Suffolk groundsman Symonds scoops national award
A Suffolk groundsman said he could not believe it when his name was announced as the winner of a national award.
Bryan Symonds, of Bacton United 89 FC, was named winner of the National Step 7
And Below Award category at the Groundsman of the Year Awards, organised by The FA.
The 73-year- old, who won the Suffolk FA competition earlier this year, attended the awards event at the Hilton Hotel at St George’s Park on Tuesday.
Symonds, who was accompanied by club treasurer Martin Feverue, said: “It was a fabulous day out.
“I was surprised at the size of the place – the buildings and layout – and the pitches are phenomenal.
“When it came to the awards I was starting to think we were going to come away with nothing when clubs that were highly commended, third-placed and second-placed were read out and we were not among them.
“When it was announced that we had won I could not believe it.”
Winning the award capped off a memorable day that included a question and answer session with a panel of professional groundsmen and judges.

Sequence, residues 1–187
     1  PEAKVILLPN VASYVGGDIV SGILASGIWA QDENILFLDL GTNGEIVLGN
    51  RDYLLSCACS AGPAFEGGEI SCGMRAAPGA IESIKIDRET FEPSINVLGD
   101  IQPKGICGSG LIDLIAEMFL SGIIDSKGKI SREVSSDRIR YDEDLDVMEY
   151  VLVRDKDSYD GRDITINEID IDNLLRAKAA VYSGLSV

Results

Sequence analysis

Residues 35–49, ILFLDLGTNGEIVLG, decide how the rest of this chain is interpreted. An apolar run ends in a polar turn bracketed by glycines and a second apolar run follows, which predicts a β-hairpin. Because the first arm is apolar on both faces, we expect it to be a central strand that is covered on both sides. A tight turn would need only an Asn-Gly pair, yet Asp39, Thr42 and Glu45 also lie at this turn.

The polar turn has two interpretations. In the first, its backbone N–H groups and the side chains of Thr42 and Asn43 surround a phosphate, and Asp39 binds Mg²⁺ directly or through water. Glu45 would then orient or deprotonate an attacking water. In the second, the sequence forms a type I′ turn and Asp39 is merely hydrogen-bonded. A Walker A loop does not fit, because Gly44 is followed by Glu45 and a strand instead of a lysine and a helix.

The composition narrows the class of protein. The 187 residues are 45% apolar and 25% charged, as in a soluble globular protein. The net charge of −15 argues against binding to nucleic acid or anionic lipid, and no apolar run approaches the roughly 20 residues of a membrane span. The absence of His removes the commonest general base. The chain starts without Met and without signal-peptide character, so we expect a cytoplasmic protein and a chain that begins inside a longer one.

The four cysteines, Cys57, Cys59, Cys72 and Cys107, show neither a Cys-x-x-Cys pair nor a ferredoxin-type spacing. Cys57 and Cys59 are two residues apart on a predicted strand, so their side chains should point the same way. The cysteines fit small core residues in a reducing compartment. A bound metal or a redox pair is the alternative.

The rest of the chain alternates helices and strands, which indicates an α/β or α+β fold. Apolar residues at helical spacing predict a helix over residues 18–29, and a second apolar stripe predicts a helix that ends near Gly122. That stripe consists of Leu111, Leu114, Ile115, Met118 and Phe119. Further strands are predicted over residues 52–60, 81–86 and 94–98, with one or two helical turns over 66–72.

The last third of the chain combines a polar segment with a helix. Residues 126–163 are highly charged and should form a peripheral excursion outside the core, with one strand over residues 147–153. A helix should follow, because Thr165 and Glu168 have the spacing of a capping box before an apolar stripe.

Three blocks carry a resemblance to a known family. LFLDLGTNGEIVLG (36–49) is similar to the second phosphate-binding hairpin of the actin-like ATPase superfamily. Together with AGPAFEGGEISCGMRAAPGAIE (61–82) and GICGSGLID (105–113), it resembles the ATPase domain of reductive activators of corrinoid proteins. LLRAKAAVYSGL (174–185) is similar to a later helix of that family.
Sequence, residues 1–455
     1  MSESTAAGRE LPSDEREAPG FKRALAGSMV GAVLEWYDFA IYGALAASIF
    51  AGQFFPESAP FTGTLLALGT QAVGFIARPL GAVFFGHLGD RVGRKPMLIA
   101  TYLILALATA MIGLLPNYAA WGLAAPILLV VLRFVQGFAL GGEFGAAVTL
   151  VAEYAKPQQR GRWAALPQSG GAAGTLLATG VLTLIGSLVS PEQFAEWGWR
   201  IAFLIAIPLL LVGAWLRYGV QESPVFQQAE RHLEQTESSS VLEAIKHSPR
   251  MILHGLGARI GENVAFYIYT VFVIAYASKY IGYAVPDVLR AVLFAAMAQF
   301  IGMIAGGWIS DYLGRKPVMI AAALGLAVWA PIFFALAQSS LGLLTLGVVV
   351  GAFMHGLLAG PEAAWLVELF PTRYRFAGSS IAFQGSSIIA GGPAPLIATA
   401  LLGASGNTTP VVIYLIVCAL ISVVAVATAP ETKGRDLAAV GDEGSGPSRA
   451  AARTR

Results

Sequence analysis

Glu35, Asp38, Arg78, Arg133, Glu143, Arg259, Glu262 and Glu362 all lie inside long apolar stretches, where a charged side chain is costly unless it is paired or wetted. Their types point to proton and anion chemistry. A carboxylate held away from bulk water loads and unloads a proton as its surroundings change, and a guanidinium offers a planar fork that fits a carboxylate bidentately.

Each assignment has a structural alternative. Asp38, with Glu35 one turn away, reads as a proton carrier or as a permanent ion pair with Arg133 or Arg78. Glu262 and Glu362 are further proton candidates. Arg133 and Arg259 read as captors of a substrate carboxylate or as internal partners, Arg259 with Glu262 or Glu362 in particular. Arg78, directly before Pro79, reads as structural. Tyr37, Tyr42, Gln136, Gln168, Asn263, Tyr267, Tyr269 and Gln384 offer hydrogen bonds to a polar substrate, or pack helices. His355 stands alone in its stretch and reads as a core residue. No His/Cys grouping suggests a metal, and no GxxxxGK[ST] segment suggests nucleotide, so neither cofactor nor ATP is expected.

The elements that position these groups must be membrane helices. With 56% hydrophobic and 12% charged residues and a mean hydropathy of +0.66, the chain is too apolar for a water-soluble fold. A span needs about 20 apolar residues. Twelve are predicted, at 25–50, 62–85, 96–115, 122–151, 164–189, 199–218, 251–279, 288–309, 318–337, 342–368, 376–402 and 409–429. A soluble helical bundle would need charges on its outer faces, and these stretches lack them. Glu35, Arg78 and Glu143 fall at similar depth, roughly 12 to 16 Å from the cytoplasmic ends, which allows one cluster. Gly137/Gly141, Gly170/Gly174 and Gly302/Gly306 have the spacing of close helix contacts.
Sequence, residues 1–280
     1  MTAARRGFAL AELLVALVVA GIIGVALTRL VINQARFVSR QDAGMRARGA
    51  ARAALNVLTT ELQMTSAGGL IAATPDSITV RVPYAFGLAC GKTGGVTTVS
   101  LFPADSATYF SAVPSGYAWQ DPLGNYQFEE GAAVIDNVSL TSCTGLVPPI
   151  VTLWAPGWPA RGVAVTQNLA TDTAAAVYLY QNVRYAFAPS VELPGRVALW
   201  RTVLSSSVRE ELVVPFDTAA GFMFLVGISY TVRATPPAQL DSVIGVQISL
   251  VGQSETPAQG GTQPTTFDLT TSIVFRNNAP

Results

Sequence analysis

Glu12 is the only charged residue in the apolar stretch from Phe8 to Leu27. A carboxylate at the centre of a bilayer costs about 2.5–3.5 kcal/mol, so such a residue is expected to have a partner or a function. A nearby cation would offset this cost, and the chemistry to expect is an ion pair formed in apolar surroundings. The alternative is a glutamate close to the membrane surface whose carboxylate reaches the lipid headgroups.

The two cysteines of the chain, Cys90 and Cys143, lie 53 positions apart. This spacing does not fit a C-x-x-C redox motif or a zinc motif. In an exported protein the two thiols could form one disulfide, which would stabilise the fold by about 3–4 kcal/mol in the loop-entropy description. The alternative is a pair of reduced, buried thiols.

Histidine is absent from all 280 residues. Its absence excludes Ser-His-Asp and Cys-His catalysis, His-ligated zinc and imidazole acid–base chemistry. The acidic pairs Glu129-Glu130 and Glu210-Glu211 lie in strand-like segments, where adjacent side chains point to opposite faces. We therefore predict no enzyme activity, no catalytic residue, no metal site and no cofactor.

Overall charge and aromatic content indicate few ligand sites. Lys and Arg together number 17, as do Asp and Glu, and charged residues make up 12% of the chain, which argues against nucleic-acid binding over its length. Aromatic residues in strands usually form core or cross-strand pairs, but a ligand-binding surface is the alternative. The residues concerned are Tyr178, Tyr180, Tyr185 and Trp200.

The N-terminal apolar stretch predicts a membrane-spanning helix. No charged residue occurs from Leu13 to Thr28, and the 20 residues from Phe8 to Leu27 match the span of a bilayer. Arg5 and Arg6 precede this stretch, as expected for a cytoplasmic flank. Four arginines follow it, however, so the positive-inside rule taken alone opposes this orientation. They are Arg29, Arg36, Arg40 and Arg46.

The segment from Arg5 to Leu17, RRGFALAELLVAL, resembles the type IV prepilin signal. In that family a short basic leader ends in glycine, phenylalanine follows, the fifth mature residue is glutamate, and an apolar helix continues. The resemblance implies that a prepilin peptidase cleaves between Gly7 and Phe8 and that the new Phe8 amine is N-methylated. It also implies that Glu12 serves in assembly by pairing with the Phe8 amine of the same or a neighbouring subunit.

These included Alan Ferguson, head of grounds and estates at St George’s Park, Karl Standley, the head groundsman at Wembley Stadium, plus Lee Jackson and Andy Gray, head groundsmen at Manchester City and Southampton respectively.
Ironically, Ferguson, who was living at nearby Mendlesham and was Ipswich Town groundsman at the time, helped to advise Bacton on their pitches before the club moved to Brickwall Meadow in 2009.
There was then a tour of the site which included a focus on different types of pitch construction, new pitch maintenance practices, and a chance to view some of the machinery used on the site, before lunch was followed by the awards ceremony.
Although he is the groundsman, Symonds said that it was a real team effort at Bacton and praised the contribution of president Keith Miller, Roger Lawson, John Evans, Ivan Alexander and Neil Hitter.
“It would not be possible to do what we do without their help,” said Symonds.
“When we got back home we took the cup up to the ground and the first team, who were training, stopped and started clapping.”